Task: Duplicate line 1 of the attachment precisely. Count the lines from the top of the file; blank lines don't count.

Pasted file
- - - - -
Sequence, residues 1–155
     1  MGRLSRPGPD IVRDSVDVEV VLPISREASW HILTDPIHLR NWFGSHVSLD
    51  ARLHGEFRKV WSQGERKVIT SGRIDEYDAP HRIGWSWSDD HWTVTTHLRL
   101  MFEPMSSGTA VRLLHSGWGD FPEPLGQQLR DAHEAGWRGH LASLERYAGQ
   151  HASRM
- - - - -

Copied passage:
Sequence, residues 1–155